Gems, rings and seal boxes from Caesarea Maritima

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by Ursula Kampmann
translated by Christina Schlögl

May 4, 2017 – It is an impressive book, published in Tel Aviv in 2016. It presents the private collection of Johanan Hendler, who gathered the objects between 1950 and the early 1970s. There are an impressive 190 gems and cameos of the late Hellenistic, Roman, Byzantine, Sasanid and Ismalic cultures. In addition, there are 179 uncut jewellery stones, whose shape and material specifically indicate their use. Furthermore the collection contains 110 finger rings and 11 seal boxes. All of these objects have one thing in common: They were all discovered as surface finds in Caesarea Maritima. With its impressive Roman theatre, its palace complexes and commercial streets, this city of Palestine, located at the Mediterranean, is one of the most significant archaeological sites in modern Israel. 

Shua Amorai-Stark, Malka Hershkovitz, Ancient Gems, Finger Rings and Seal Boxes from Caesarea Maritima. The Hendler Collection. Self-published by Shay Hendler 2016. 541 p. all illustrations in colour, 31.2 x 23.6 cm. Hardcover. ISBN: 978-965-555-911-8. US$320 including shipping.

This book is the positive result of a request by the Israel Antiquities Authority from 6 August 2009 to report all privately owned archaeological objects to the agency in order to make them accessible to scholars and the public. All collectors who were willing to do this got the legally assured property right to their collection confirmed by documents, as well as the opportunity to publically exhibit their collection. Johanan Hendler’s collection has turned out to be of such importance for research that it has now been presented in a weighty book. 

The two scholars Shua Amorai-Stark and Malka Hershkovitz could be won as authors for this comprehensive annotated catalogue. Amorai-Stark is a professor emeritus for art history and art appreciation at Kaye College in Beer-Sheba and has been specialised in glyptics for many years. Malka Hershkovitz is a professor emeritus, too, but she was a professor at the archaeological department of the Hebrew University of Jerusalem and the Hebrew Union College. She was part of the excavations of Masada and Tel Dan and has published a lot on the period of the Second Temple and the Roman period.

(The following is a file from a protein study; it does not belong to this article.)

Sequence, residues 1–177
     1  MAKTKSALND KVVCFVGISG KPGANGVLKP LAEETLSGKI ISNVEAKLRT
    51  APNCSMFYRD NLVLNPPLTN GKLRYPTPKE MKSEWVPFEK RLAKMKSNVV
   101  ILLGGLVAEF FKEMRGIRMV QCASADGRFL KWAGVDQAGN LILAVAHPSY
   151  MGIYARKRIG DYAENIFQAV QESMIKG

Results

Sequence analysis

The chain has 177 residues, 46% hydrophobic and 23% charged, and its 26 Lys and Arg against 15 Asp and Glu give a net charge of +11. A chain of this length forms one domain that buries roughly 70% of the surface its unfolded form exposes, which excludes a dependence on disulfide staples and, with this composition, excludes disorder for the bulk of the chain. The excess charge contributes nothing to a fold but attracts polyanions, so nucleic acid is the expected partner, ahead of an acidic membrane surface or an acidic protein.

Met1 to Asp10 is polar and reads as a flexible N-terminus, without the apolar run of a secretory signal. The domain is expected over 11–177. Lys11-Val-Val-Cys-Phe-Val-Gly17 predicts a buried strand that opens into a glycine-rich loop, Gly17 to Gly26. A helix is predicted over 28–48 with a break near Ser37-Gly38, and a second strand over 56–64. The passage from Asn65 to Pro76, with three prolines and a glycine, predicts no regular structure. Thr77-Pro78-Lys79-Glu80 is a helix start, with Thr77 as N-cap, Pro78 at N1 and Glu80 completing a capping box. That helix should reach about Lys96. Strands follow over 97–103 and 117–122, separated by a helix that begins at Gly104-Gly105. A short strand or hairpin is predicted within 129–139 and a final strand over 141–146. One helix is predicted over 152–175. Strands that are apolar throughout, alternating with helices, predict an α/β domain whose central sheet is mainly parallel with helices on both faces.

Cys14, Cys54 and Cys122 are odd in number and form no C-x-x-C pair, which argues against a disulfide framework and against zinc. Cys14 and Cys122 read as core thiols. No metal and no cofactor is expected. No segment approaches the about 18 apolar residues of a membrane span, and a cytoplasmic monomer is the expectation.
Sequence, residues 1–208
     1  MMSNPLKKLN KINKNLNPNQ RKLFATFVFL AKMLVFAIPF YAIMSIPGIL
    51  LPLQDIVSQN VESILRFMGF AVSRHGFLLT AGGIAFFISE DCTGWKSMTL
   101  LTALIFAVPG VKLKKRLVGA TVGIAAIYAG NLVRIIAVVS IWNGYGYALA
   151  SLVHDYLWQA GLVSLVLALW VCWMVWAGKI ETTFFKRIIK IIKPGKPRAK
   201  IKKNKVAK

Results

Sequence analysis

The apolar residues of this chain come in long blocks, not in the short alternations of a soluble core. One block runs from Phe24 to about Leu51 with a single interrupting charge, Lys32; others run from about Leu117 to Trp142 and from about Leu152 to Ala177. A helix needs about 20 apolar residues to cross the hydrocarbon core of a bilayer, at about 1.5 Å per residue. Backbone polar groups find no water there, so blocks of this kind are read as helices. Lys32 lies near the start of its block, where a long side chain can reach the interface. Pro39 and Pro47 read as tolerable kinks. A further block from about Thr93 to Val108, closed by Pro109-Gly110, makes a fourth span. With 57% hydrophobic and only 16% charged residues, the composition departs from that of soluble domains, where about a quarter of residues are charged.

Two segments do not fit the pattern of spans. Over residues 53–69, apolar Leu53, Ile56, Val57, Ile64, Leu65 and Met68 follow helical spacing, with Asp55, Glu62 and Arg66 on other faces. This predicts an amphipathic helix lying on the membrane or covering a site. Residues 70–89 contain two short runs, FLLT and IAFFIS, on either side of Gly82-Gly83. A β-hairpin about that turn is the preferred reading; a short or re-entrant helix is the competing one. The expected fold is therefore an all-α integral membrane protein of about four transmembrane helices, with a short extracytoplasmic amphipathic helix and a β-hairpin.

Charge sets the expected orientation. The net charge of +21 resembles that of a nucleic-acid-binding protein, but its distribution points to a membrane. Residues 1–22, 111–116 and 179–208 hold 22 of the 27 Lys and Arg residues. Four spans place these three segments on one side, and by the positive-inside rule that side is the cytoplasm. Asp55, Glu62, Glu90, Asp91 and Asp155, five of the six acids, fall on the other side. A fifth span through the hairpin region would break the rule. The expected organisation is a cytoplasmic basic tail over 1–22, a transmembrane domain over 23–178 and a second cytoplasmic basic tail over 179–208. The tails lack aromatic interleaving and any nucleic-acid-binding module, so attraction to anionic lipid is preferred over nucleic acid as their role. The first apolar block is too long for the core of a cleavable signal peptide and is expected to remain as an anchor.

Together they have created a basic work which does not only serve as a catalogue to the individual objects of this collection but also discusses fundamental questions on the subject matter. The material is divided into categories – gems, stones, rings, seal boxes and finds from workshops for the production of glyptic objects. All object categories are preceded by their own specific introduction. Every section is completed by an evaluation.
The descriptions and annotations of the individual objects with sublime images constitute the essence of the book. They show us that Caesarea Maritima must have been a manufacturing centre for gems, jewellery stones and rings in Roman and Byzantine times. Indexes, statistics and an extensive bibliography top this impressive book off. 

To sum up, it is safe to say that this book is an absolute must for gem-lovers. It is not just another catalogue with pretty pictures of beautiful gems. It is the publication of extraordinary material, which enables us to reconstruct the manufacturing process of these little works of art. 

You will find more information on this book on this website. 

You can directly order the book via email.